1.10" Fossil Polycotylid Plesiosaur (Thililua?) Tooth - Asfla, Morocco

This is a rare plesiosaur tooth from the Upper Cretaceous Akrabou Formation near Asfla, Goulmima, Morocco. The tooth may belong to the Polycotylid plesiosaur species, Thililua longicollis, one of two olycotylid plesiosaurs described from this area (Thililua longicollis & Manemergus anguirostris). It's 1.10" in length and shows striations running down the basal half of the tooth.

It comes with an acrylic display stand.

Polycotylid plesiosaurs are a family of short-necked plesiosaurs that resemble and may be closely related to pliosaurs. There is a recognized pliosaur whose teeth are found in this area and look similar.

Plesiosaurs were aquatic reptiles. They had small heads, long necks, broad, flattened bodies, short tails and large flippers or paddles. They are one of the best described groups of fossil animals with a total of 110 known species, many from complete or nearly complete fossils. The largest known is Elasmosaurus at 40 feet (12 meters), and the smallest was Thalassiodracon at just under 6 feet (1.5 meters). They first appear in the fossil record near the end of the Triassic Period, starting with Thalassiodracon from about 203 million years ago. They disappear from the fossil record about the time of the Cretaceous-Paleogene Extinction, along with the dinosaurs and most other reptiles.

Plesiosaurs were almost comical in their appearance: small heads full of sharp, cylindrical teeth; wide, comparatively flat bodies; short tails; and four large paddles or flippers. They are so odd-looking that when originally found, the first Plesiosaur fossil was mistaken for a new kid of Pterosaur. Even when the first Plesiosaur went on display, it had its head mounted on the wrong end! Plesiosaur necks could also have large numbers of vertebrae: Albertonectes had 72 in its neck!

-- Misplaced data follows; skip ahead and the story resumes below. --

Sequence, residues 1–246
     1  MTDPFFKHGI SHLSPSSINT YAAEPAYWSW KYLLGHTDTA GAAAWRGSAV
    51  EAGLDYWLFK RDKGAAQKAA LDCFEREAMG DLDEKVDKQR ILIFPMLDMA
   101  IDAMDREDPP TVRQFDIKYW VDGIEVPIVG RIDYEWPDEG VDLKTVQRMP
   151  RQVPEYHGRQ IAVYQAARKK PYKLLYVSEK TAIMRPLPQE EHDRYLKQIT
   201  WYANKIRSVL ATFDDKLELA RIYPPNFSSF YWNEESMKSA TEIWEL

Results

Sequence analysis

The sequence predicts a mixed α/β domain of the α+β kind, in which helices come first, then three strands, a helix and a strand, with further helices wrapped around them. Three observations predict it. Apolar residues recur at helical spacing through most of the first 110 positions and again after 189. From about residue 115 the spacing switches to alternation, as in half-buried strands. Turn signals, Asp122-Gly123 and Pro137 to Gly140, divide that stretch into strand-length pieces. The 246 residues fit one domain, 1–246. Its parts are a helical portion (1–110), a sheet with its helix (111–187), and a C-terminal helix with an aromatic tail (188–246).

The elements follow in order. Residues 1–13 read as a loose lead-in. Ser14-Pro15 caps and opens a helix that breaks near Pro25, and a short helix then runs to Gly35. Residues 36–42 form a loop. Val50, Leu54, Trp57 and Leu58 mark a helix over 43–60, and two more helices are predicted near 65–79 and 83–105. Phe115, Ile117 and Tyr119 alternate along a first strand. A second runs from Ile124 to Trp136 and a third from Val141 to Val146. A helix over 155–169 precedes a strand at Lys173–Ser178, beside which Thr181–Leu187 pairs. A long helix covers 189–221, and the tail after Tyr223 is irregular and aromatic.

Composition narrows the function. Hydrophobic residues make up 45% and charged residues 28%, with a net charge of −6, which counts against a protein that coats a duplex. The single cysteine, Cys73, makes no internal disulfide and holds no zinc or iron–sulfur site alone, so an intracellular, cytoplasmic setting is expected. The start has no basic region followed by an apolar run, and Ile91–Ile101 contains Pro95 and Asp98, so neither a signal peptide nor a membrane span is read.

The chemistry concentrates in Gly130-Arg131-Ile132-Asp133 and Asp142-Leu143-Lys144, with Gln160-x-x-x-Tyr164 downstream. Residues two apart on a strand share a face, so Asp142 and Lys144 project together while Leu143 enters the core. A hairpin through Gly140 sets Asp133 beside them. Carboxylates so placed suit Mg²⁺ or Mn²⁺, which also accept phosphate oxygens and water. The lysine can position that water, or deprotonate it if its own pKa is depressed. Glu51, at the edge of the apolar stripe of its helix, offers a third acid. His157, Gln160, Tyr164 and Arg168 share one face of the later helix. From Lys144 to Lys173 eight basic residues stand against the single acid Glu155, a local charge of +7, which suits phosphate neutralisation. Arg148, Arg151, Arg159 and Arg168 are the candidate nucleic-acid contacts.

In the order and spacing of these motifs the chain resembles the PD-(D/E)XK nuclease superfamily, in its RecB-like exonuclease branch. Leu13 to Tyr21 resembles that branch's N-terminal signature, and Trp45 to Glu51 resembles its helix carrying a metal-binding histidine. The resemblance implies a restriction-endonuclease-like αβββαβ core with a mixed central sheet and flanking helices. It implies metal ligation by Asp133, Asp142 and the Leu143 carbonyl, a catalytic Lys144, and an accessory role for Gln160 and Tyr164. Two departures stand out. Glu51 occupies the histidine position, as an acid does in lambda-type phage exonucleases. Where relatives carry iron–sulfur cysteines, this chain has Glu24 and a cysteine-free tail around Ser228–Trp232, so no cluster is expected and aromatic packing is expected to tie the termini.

Plesiosaurs swam by moving their paddles or flippers in much the same way that modern sea turtles do. This would have made them efficient and maneuverable, but not particularly speedy. Due to their long, thin necks and flippers, it is unlikely that Plesiosaurs left the water. If they did, they would not have been able to travel far. It had long been thought that Plesiosaurs left the water to lay eggs in much the same way as modern sea turtles. Recent evidence seems to prove they bore live young, making theories that they left the water less likely. It is widely held that plesiosaurs were not the fastest swimmers in the sea, cruising to catch their preys of various fish, squid, and other mollusks.

An artist's reconstruction of Plesiosaurus dolichodeirus. By Dmitry Bogdanov  Creative Commons License
An artist's reconstruction of Plesiosaurus dolichodeirus. By Dmitry Bogdanov Creative Commons License

Plesiosaur fossils have been found worldwide. The first described fossil was found in Kansas. Since then, they have been found on every continent. Most commercially available Plesiosaur fossils come from Morocco and Kansas.
Thililua longicollis?
Asfla, Goulmima, Morocco
Akrabou Formation
Tooth: 1.10" long, Entire Specimen: 3.5 x 2.7"
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